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Montana Secretary of State Christi Jacobsen has approved a constitutional initiative that, if passed, would cap residential property taxes, roll back valuations, and also reduce tax breaks for “speculators, investors and house ‘flippers.’”
Former state lawmaker and current U.S. House of Representatives candidate Al Olszewski is the treasurer for the Montana Property Tax Cap Initiative. The initiative, Constitutional Initiative 121, has until June 17 to collect just a little more than 60,000 signatures to place the measure on the ballot for November 2022.
Matthew Monforton, a Bozeman-based attorney and former state legislator, is leading the proposal and said the purpose is “to keep Montanans from being taxed out of their home.” Part of the initiative would roll back tax values to 2019 before COVID-19 and when housing prices started escalating.
To find out more about the initiative, go to www.cappropertytaxes.com
The largest part of the initiative would cap property taxes on residences at 1% and limits annual increases in assessed valuations to 2% or the inflation rate, whichever is lower.
Monforton told the Daily Montanan that two other states have had a similar measure in place for decades, California and Florida. He said the measure will save more than $175 million annually on “excess property taxes.”
“When I was a homeowner in California, even when I had an outrageous mortgage, I appreciated that I knew with certainty what property taxes were going to be, and that’s a certainty that none of us now have,” Monforton said. “We may have been fine a few years ago, but now with the out-of-state money coming in, it’s not the same.”
The measure would ostensibly reduce the “sticker shock” of property tax bills, which have been increasing quickly and rapidly. Monforton also sees good news for renters. He said most landlords have had to aggressively raise rent to keep up with the rising taxes, but capping the tax will likely stop the steep rises.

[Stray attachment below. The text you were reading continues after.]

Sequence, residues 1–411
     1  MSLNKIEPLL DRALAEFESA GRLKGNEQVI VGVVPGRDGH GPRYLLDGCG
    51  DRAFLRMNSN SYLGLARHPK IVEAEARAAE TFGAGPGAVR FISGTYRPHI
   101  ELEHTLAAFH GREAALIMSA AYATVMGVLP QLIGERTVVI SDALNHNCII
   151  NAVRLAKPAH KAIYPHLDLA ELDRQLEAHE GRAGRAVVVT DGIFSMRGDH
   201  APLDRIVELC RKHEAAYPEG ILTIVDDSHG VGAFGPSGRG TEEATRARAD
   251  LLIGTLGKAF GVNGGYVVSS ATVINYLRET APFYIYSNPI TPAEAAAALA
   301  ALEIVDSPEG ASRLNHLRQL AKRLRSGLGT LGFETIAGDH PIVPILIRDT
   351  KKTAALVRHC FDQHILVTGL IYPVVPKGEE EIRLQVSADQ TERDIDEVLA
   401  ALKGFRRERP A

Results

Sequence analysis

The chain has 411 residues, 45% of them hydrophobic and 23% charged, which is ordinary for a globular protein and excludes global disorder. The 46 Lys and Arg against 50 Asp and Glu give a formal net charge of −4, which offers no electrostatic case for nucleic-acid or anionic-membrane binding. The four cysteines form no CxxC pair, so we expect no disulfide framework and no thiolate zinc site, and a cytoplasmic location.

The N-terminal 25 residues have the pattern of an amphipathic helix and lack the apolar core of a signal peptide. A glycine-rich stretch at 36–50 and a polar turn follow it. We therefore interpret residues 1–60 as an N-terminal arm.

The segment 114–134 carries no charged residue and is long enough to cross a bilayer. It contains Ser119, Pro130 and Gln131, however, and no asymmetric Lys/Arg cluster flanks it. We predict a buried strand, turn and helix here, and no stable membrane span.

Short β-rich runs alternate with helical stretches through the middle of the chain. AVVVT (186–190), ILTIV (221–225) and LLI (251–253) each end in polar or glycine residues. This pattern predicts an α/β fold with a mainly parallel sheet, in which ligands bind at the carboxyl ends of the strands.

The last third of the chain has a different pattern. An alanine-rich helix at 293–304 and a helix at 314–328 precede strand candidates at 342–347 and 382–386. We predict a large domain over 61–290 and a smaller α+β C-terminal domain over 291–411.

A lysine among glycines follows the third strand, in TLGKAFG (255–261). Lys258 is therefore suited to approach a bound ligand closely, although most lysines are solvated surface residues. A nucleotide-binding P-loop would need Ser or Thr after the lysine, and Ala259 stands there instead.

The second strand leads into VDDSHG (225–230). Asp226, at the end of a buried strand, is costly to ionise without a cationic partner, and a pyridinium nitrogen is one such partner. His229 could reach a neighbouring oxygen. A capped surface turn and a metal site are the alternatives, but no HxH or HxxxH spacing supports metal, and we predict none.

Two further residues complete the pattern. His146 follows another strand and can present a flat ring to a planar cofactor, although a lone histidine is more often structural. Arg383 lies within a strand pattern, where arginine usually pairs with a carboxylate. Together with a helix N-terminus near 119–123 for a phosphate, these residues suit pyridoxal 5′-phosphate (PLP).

The property tax would protect residents who choose to stay in their homes and build neighborhoods, the initiative supporters said. For example, a property owner whose house was valued at $300,000 in 2019 would be taxed on that amount as the base. If the owner sold the home several years from now for $600,000, the base value would change for the new homeowner.
Monforton predicts the measure might reduce the number of in-state residents who leave a home quickly, and thereby encourage more neighborhood building.
“It rewards those people,” Monforton said, explaining that keeping their tax base low will provide an incentive to stay, and would likely deter them from leaving because they’d pay a new rate if they decide to move, even if it’s in state.
The measure has the potential to curb the amount of money that flows into state and city coffers, but Monforton argued it doesn’t cut funding to schools or essential services like fire and police.
“It just reduces the rate of growth of tax revenues,” Monforton said. “It forces local government to live within their means and be more efficient with their resources. In other words, (government) has to do that careful economic planning that all families are forced to do.”
However, Bozeman Mayor Cindy Andrus said while she sympathizes with residents who are struggling to keep up with property taxes, she would oppose the measure and imagine other Montana cities and towns would be in the same position.
“(Property taxes) are our only revenue stream for infrastructure and there is no sales tax and no local options, so capping that leaves with little room to support the growth,” she said.
Bozeman, which is frequently used as the example of soaring home prices and a demand for affordable housing, will be OK this year with the infusion of federal CARES and ARPA money, but after that, it would become more difficult, especially if taxes are capped.
“We really do try to be conscious of how much we spend and what burden we place on our taxpayers,” Andrus said.
While the initiative focuses on residential property, it provides the Legislature with authority to provide similar tax relief to all property classes.
“It’s so unfair to tax people on a wealth they can’t touch. If my income doubles and I move to a different tax bracket, well, I have the means to pay that, but if I am on fixed income, the rise in property taxes may force me out because I am not in a position to absorb those tax rates,” Monforton said.
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